Column #324 America’s hopes ride on Big Daddy!

Thursday, July 3, 2008
Column 324
America’s hopes ride on Big Daddy!

The story that could have been – that was already written in my head – almost was today. But in the end it was not to be.

It was the last match of the afternoon…

Briefly behind after the first leg and tied or leading all the way through the eighth, legendary Larry Butler saw his chance – to move on and potentially face Dennis Priestley – the other legend, who Butler disposed of at the 1994 World Matchplay – slip away.

Alan Tabern was the cause.

Ranked fifteenth in the world, Tabern broke Butler straight away leaving Butler on 155 but Butler broke right back, closing ninety-eight to even the match. The Bald Eagle then moved ahead before Tabern tied it again. Butler advanced to 3-2 but Tabern drew even yet again. Butler then notched up another leg but Tabern replied to bring it to four a piece.

In the ninth leg Butler had his chance but a sloppy dart gave Tabern the opening he needed and he moved ahead for the first time since the opener. Minutes later and looking at tops to force the decider, Butler could only watch as Tabern closed eighty-four to end the story that could have been.

As disappointing as this was, the first three matches, or at least the first two, were even more disappointing for the North American hopefuls.

In the first confrontation and in front of a much thinner crowd than the day before, world-ranked number six, Andy Hamilton, literally spanked Canada’s Shawn Brennaman. It was as simple as that. Brennaman managed only a leg.

As seems to be his way, Philadelphia’s Bill Davis started from a two leg deficit but valiantly fought back against Mark Walsh, undoubtedly scaring the CRAP out of the world-ranked number thirty. Davis evened the match at two and pounded his way dart for dart with Walsh, finding himself with a 5-3 lead AND the throw for the ninth leg.

But somehow, perhaps Davis can explain it, he began with two ones and a triple one for a score of five and in quick order Walsh pulled to within one and then held his throw to take the match to the decider. In the end, and with Davis looking at the same number, Walsh struck tops to end the Philadelphian’s hopes 6-5.

In the third match of the day and the third in a row featuring a North American, Canada’s methodical-throwing Gerry Convery ran smack into the speedy precision darts of Holland’s Jelle Klassen, and simply had no answer. In a flash the young Dutchman was off to a 3-0 lead. Convery seemed to find some comfort in the fourth, closing double eighteen – and then scored back-to-back maximums in the fifth. But the unflappable Klassen then took the leg, advancing the score line to 4-1, as Convery lost steam after missing the seventh dart needed to keep his perfect game alive. Moments later, in a match that lasted all of fifteen minutes Klassen walked off the stage a 6-1 victor.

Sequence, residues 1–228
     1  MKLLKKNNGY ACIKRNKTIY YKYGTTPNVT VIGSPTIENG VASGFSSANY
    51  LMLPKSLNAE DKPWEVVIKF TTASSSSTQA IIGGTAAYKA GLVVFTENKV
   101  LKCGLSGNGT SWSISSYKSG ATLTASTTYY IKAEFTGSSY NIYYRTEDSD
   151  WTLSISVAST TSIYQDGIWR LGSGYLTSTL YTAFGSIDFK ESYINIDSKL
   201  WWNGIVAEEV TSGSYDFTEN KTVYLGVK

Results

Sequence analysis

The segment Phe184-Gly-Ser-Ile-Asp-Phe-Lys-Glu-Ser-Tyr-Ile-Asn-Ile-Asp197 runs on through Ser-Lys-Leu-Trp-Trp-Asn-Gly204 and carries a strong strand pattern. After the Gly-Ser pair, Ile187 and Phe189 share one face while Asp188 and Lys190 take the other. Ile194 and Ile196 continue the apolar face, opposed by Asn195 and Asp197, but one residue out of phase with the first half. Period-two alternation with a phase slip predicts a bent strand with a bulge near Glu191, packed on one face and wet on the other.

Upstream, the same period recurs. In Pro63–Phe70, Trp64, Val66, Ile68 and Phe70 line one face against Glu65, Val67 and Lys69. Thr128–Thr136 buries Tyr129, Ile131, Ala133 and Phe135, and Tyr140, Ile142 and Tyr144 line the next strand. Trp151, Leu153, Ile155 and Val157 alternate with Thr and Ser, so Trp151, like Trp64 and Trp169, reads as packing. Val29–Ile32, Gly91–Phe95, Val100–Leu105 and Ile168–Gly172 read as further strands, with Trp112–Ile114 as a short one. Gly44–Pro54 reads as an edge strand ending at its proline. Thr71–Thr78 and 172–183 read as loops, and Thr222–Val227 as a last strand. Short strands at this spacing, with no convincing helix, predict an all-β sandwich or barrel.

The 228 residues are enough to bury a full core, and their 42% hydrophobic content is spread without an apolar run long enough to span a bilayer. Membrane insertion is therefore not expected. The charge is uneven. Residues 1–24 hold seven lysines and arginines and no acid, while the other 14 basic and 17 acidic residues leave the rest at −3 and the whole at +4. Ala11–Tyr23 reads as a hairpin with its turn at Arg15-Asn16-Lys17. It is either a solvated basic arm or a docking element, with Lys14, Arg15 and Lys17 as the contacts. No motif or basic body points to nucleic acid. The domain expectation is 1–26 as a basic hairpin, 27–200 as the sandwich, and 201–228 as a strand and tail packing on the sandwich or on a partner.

In other action England’s Adrian “Jackpot” Lewis saw off Scotland’s Robert Thornton 6-5 in a barnburner of a contest. Down 5-4, Thornton required 116 to force the decider. He found the mark but it was Lewis with a double eighteen who moved into the second round.

Perhaps it was the kryptonite but whatever the reason for five times world champion and last year’s Desert Classic champion, Raymond van Barneveld today had a walk in the park. Matt “Superman” Clark (from Kent) had little to offer as he was dismantled, leg after leg, by the easy throwing Dutchman.

James Wade handled the unorthodox style of Dennis Smith in similar fashion. The world-ranked number three had no worries as he coasted to a 6-1 win.

Easily the best match of the day featured Peter “One Dart” Manley and Steve Maish. The world-ranked number eleven and thirty pounded each other back-and-forth to the crowd’s delight and although the 6-3 score line suggests a bit of a rout, it was only Manley’s precision finishing that told the difference. Two things are clear: 1) they don’t call Manley One Dart for nothin’ and 2) Maish is a damn serious force to be reckoned with down the road.

So with the first round now complete and round two to begin in the morning only Darin “Big Daddy” Young remains to carry the North American torch.

Young will toe-up against Mervyn King, who with an 89.29 average sent three times and current world champion, John Part, packing yesterday. Young averaged 83.22 to get past Martin Burchell.

So the Philadelphian has his work cut out for him…

And if (WHEN) he makes it to the quarter finals and beyond there is still the greatest obstacle of all, Phil “the Power” Taylor – whose average yesterday, unbelievably, was even higher than the temperature outside.

From the field,

Dartoid

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Dartoid
Author of the column that since 1995 has been featured by Bull’s Eye News, the American Darts Organization’s (ADO) Double Eagle and numerous other darts publications and websites around the globe.
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